1. Brief affected crew and severance contractors on the monitoring requirements and instruct topsides personnel to immediately report any sighted marine mammal/sea turtles to an observer or designated company representative;
2. Establish an active line of communication (i.e., 2-way radio, visual signals, etc.) with company and blasting personnel; and
3. Devote the entire, uninterrupted survey time to marine mammal/sea turtle monitoring.
Before severance-charge detonation, the trained observers will conduct a 90-min surface monitoring survey of the impact zone. The monitoring will be conducted from the highest vantage points and other locations which will provide comprehensive surveys of the surrounding area. Once the surface monitoring is complete (i.e., the impact zone determined to be clear of marine mammal/sea turtles), the trained observer(s) will transfer to a helicopter to conduct a 30-min (Scenario C1) or 45-min (Scenario C3) aerial monitoring survey. As per approved guidelines, the helicopter will transverse the impact zone at low speed/altitude in a specified grid pattern. If during the aerial survey a marine mammal/sea turtle is:
1. Not sighted, proceed with the detonation;
2. Sighted outbound and continuously tracked clearing the impact zone, proceed with the detonation after the monitoring time is complete to ensure no reentry;
3. Sighted outbound and the marine mammal/sea turtle track is lost (e.g., the animal dives below the surface),
- Halt the detonation,
- Wait 30 min, and
- Reconduct the 30 min (C1) or 45 min (C3) aerial monitoring survey; or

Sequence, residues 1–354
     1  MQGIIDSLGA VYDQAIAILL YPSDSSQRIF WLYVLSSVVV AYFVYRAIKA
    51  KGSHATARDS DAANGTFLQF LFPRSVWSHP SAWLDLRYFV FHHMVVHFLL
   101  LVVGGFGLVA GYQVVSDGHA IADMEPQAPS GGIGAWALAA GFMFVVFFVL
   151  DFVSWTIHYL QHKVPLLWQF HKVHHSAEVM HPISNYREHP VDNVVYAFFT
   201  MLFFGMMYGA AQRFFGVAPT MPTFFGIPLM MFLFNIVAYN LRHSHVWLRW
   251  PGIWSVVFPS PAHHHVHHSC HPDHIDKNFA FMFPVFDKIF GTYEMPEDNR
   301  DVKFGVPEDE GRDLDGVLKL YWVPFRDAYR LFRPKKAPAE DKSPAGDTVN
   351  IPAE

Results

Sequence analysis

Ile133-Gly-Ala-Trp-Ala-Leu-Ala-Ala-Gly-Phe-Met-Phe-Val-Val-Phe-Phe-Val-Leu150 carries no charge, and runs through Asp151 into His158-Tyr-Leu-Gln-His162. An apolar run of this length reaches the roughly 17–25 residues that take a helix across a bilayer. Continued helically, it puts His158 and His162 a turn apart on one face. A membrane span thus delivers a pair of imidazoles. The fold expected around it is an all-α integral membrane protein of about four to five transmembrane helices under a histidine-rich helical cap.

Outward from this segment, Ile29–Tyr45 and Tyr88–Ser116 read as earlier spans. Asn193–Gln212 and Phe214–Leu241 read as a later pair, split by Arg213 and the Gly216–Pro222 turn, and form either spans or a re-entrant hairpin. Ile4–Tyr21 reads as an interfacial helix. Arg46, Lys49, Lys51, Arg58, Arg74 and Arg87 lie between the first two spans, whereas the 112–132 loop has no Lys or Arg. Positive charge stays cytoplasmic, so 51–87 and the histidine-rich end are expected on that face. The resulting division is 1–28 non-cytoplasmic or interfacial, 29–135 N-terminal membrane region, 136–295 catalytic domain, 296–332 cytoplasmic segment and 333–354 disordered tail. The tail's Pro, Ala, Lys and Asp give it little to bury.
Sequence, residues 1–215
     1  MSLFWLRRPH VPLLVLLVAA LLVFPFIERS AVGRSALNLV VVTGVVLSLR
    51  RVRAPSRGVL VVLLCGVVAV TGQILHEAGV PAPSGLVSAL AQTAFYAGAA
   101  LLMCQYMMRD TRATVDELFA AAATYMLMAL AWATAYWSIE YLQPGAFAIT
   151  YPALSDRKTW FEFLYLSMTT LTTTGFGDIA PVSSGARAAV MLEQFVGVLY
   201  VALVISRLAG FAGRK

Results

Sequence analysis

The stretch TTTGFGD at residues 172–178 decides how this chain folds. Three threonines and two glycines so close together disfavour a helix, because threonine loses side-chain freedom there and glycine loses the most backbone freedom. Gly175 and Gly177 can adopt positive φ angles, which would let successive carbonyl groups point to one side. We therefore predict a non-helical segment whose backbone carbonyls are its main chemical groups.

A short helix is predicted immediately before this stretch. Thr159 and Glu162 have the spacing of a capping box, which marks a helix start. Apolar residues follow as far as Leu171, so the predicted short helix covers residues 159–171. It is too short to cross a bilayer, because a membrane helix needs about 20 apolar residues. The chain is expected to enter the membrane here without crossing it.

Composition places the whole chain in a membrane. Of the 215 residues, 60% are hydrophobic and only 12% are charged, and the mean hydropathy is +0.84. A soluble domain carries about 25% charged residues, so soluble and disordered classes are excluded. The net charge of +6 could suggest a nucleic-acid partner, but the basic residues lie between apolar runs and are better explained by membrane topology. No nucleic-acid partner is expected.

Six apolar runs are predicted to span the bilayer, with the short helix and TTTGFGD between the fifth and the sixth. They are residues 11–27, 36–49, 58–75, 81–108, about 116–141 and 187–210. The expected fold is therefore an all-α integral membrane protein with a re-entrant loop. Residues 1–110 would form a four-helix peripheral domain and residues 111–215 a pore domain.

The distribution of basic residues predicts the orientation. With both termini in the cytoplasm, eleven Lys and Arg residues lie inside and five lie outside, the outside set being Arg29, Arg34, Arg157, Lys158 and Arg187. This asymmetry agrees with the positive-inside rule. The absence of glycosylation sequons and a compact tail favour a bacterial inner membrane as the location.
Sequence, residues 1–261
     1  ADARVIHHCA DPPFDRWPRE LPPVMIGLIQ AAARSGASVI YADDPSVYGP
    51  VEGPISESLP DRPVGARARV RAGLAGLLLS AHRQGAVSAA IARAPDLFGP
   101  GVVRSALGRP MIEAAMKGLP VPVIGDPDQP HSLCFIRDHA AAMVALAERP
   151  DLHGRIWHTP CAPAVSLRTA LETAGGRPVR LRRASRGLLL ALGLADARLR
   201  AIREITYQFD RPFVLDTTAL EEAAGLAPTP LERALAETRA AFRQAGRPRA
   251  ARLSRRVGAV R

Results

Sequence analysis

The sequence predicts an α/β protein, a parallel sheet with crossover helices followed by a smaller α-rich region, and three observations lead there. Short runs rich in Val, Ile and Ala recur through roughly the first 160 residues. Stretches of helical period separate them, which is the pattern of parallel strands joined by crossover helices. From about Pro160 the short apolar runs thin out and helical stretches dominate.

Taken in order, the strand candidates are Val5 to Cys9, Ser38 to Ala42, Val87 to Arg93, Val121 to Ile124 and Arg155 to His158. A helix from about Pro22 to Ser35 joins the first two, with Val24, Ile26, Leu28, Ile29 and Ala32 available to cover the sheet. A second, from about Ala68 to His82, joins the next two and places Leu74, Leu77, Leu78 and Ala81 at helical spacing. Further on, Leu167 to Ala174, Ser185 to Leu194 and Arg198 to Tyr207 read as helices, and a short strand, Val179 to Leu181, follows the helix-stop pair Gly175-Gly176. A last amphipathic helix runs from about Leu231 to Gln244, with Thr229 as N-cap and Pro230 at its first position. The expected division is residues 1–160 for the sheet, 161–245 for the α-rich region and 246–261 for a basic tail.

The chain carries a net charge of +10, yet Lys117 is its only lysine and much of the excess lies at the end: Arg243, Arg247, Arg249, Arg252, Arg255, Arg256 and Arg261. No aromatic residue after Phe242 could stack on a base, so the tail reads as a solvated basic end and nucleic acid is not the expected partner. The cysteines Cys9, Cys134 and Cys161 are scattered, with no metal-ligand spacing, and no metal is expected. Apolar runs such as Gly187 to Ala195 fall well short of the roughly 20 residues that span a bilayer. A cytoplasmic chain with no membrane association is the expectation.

4. Sighted inbound,
- Halt the detonation,
- Wait 30 minutes, and
- Reconduct the 30-min (C1) or 45-min (C3) aerial monitoring survey.
In the third and fourth scenarios, detonations will not proceed until they satisfy the first or second scenarios after the required aerial resurvey.
After severance charge detonation, the trained observer(s) will conduct a 30-min aerial monitoring survey of the impact zone to look for affected marine mammal/sea turtles. If a marine mammal/sea turtle is found shocked, seriously injured, or dead, the operations will cease and the observer will contact MMS and NMFS' Southeast Regional Office, attempts will be made, under the direction of the trained observer, to collect/resuscitate the animal, and the Southeast Region, NMFS will be contacted for additional instruction. If the animal does not revive, efforts should be made to recover it for necropsy in consultation with the appropriate NMFS' Stranding Coordinator. If no marine mammal/sea turtles are observed to be impacted by the detonation, the trained observer(s) will record all of the necessary information as required in MMS's permit approval letter and guidelines for the preparation of a trip report.
A flowchart of the monitoring process and associated survey times for standard severance-scenarios C1 and C3 is provided in Figure 6 in MMS, 2005a.
Slope Waters (>200 m): Scenarios C2 and C4
An operator proposing slope-based, explosive-severance activities conducted under the standard blasting category will be limited to 80-lb charge sizes (BML or AML) and conduct all requisite monitoring during daylight hours out to the associated impact-zone radii listed below:
C2 — 631 m (2,069 ft)
C4 — 829 m (2,721 ft)